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Principle 5: Collections

5. Libraries provide access to collections sufficient in quality, depth, diversity, format, and currency to support the research and teaching mission of the institution.

5.1 The Library provides access to collections aligned with areas of research, curricular foci, or institutional strengths
5.2 The Library provides collections that incorporate resources in a variety of formats, accessible virtually and physically
5.3 The Library builds and ensures access to unique materials, including digital collections
5.4 The Library has the infrastructure to collect, organize, provide access to, disseminate, and preserve collections needed by users
5.5 The Library educates users on issues related to economic and sustainable models of scholarly communication
5.6 The Library ensures long-term access to the scholarly and cultural record


The Library has made concerted efforts to provide the best collections possible to support the research and teaching mission of Bloomsburg University, and the Library personnel are generally pleased with the results of these efforts. Library faculty continue to work closely with subject faculty to create accurate profiles that guide the acquisition of books through the Library’s approval plan and to acquire additional materials using designated departmental funds; these collaborations, in addition to Library faculty subject expertise, ensure that the Library’s collections are aligned with the curricular focus of the institution. Although always a work in progress, access to unique materials in the University’s Archives and Special Collections has improved over the review period, largely due to the digitization of a number of unique materials. Currently there is a good representation of archival materials freely available online, as well as good access to physical materials in this collection that are valuable to University public relations, many alumni, and those with regional research interests.   


The Library provides access to Library collections in a variety of print and electronic formats to students, faculty, and all members of the BU community, and this access has been maintained over the review period.  The majority of the Library’s resources can be accessed anywhere and used by students both on and off campus.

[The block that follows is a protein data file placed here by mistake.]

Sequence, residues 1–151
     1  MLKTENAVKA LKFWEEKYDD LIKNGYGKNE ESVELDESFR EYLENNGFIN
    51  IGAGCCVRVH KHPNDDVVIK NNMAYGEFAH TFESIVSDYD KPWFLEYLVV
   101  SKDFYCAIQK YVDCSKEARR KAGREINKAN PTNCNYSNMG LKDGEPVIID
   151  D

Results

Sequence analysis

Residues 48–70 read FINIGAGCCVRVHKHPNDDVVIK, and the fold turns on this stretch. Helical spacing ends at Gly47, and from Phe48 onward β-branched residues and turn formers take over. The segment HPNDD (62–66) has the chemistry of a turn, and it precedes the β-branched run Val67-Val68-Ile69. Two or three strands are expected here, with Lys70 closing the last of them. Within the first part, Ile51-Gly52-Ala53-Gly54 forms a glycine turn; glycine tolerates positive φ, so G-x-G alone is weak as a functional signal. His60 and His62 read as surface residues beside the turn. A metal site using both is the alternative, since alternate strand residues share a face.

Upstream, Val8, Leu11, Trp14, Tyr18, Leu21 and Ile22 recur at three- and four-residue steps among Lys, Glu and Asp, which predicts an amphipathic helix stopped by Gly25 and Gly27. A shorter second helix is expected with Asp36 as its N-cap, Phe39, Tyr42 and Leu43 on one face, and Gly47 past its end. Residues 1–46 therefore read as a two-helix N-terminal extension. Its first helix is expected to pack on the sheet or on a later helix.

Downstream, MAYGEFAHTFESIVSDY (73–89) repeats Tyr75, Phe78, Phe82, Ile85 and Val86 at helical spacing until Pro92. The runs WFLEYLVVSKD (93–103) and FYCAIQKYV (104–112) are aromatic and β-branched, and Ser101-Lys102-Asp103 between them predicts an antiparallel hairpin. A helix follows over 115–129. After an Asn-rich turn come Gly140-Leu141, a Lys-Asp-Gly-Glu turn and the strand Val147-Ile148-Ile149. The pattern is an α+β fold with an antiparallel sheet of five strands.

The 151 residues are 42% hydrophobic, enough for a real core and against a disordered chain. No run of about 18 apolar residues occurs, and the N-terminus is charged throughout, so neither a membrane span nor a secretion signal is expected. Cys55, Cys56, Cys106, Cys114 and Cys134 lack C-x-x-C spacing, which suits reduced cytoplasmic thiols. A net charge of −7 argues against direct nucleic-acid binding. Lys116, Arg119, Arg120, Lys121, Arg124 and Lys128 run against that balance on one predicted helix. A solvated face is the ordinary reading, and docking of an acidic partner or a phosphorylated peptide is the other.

The Library’s infrastructure that supports its ability to collect, organize, provide access to, disseminate, and preserve collections, is sometimes challenged but generally sufficient.  Library personnel have engaged in workflow experiments that have resulted in some improvements and will continue to try out ways to make collections available.  The current approval plan works well, and Library personnel will continue to monitor it for significant changes in the curriculum. Library personnel have made efforts to educate students and subject faculty regarding sustainable scholarly communication and fair use.  Students, faculty, and administrators have a greater understanding of the impact of publishing costs.  Subject faculty chose Open Educational Resources (OER), saving more than $240,000 for students in 2019. 


The Library has worked to maintain long-term access to a variety of materials through the digitization of materials in Archives and Special Collections, through attention to license agreements for electronic resources, and through preserving physical materials. 


Overall, the Library is proud of the accomplishments it has made during this review period and will continue to work towards balanced, well-organized Library collections that are aligned with the University curricula, and that can be easily accessed by students in physical or online environments.  

5.1 Collections Align with Reserach, Curricular Foci, or Institutional Strengths

5.1 The Library provides access to collections aligned with areas of research, curricular foci, or institutional strengths.


Most of the collections budget goes to subscriptions (databases of journals, articles, media, ebooks) with limited funds going to one-time purchases.  Most materials are in electronic form.  In a given year subscriptions are about 90% or more of the collections budget.